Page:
Contrary to expectation based on studies examining pre-diagnostic intakes, our results suggest that among prostate cancer patients, overall intakes of milk and dairy products are not associated with a greater risk of lethal prostate cancer. We observed decreased risk of lethal disease among men with higher intakes of post-diagnostic low-fat dairy intake, and increased risk of lethal prostate cancer among men with higher intakes of whole milk.
Evidence linking milk and dairy intake with risk of total prostate cancer incidence are inconclusive, but some data support a link with incidence of high stage, high grade, and/or fatal prostate cancer(4
). Furthermore, some studies support a link between low-fat milk intake and risk of total prostate cancer, whereas other studies support an association for whole milk. Secondary data analysis from randomized clinical trials, and prior analyses from this cohort, have suggested that calcium intake is related to lower risk of PSA screening-detected low-grade prostate cancer, but positively related to risk of advanced disease(41
). In light of this, our finding of an inverse association between low-fat dairy intake and risk of lethal prostate cancer should be interpreted with caution. Moreover, there was no apparent trend when considering the individual hazard ratios of the different quintiles of low-fat dairy intake (). In addition, even though biochemical recurrence is an imprecise predictor of prostate cancer death (56
), we found no inverse association between milk and dairy intake and risk of progression when biochemical and clinical recurrence was considered the endpoint. Although we were able to control for several known or suspected risk factors for prostate cancer progression, high intake of low-fat dairy products may be a marker for some other lifestyle factor which in turn has a protective effect on lethal prostate cancer. There could also be residual confounding due to measurement error of some factors we were able to control for. It is also possible, however, that high intake of low-fat dairy products after a prostate cancer diagnosis has a true protective effect on risk of lethal disease. Factors or mechanisms that act after diagnosis and treatment are likely different from those that act early in prostate carcinogenesis. Rather than exerting effects on the primary tumor cells, factors operating after diagnosis and treatment presumably have effects on circulating tumors cells or micro-metastases, or on their target organs such as the bones. For instance, high post-diagnostic calcium and vitamin D intake from milk and other dairy foods could potentially decrease, rather than increase, metastatic growth by suppressing the levels of parathyroid hormone (PTH) and lowering the rate of bone resorption(58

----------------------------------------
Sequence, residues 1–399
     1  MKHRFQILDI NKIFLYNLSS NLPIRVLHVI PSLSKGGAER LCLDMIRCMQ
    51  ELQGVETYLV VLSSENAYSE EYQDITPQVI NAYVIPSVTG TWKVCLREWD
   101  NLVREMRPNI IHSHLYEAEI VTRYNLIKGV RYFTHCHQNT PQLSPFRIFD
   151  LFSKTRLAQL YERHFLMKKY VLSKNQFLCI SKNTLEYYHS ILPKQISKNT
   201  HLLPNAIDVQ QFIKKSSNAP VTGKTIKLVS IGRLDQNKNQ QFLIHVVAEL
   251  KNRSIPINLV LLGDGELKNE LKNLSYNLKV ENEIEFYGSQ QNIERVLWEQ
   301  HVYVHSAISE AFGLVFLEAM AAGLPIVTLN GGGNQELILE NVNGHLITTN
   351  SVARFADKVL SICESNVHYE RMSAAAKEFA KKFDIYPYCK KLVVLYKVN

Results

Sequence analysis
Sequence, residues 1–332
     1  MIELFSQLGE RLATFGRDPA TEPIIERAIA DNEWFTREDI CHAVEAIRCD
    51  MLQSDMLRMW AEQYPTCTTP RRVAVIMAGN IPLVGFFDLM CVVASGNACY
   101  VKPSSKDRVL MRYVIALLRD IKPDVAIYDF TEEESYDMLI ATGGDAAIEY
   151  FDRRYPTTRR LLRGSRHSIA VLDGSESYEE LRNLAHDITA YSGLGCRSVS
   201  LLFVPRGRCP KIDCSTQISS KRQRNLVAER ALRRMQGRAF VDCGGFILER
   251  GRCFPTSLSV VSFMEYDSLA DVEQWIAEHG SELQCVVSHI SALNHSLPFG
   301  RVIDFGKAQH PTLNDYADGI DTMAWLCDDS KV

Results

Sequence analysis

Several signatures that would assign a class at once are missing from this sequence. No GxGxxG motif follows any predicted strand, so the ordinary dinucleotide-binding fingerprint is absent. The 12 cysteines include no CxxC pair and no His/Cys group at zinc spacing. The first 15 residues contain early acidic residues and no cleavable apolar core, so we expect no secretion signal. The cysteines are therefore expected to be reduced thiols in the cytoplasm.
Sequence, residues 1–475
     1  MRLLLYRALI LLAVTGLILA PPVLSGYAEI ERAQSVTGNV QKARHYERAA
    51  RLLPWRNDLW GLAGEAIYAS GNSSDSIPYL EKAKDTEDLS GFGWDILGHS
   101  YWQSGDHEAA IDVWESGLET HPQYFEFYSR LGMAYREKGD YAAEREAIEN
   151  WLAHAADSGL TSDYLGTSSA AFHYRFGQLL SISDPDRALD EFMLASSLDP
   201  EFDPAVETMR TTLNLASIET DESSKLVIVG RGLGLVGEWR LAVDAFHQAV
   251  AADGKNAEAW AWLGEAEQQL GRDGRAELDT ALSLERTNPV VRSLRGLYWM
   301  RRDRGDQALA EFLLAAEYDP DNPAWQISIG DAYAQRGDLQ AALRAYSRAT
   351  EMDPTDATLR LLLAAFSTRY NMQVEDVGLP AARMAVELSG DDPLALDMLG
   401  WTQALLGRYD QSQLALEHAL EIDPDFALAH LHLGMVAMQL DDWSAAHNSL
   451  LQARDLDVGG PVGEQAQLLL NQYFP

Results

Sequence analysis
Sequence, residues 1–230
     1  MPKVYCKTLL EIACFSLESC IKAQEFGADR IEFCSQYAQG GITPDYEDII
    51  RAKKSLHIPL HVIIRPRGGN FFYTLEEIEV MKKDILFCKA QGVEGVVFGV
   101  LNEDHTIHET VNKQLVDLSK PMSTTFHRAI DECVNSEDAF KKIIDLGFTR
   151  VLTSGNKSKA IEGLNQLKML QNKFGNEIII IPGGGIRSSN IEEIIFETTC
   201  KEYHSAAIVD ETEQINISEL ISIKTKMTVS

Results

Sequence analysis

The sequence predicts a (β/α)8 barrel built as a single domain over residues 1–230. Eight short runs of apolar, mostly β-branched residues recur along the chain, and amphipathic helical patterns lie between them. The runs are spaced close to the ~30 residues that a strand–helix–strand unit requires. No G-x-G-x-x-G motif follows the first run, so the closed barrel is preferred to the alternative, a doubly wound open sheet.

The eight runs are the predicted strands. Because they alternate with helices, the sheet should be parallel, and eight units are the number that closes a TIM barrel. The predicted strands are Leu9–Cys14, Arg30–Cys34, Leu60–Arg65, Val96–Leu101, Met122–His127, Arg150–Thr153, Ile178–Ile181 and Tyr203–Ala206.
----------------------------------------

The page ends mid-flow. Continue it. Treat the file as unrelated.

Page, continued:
), factors that may influence skeletal metastases and progression in prostate cancer(60
We found an increased risk of lethal prostate cancer among men with the highest versus lowest whole milk intake. A factor abundant in whole milk that may increase prostate cancer progression is saturated fat. High saturated fat intake has been associated with an increased risk of prostate cancer and a higher risk of biochemical recurrence after prostatectomy(48
). However, we found no positive association between intake of total high fat dairy products and risk of lethal prostate cancer, or biochemical recurrence and clinical progression. In addition, on average, less than 10% of the total amount of dairy fat consumed by the men in this cohort came from whole milk. Taken together, these findings suggest that some component in whole milk other than saturated fat may be associated with an increased risk of progression. It is also possible that the positive association between whole milk intake and risk of progression in our study is explained by residual confounding due to measurements error of potential confounding factors or unmeasured potential confounding factors, or by chance.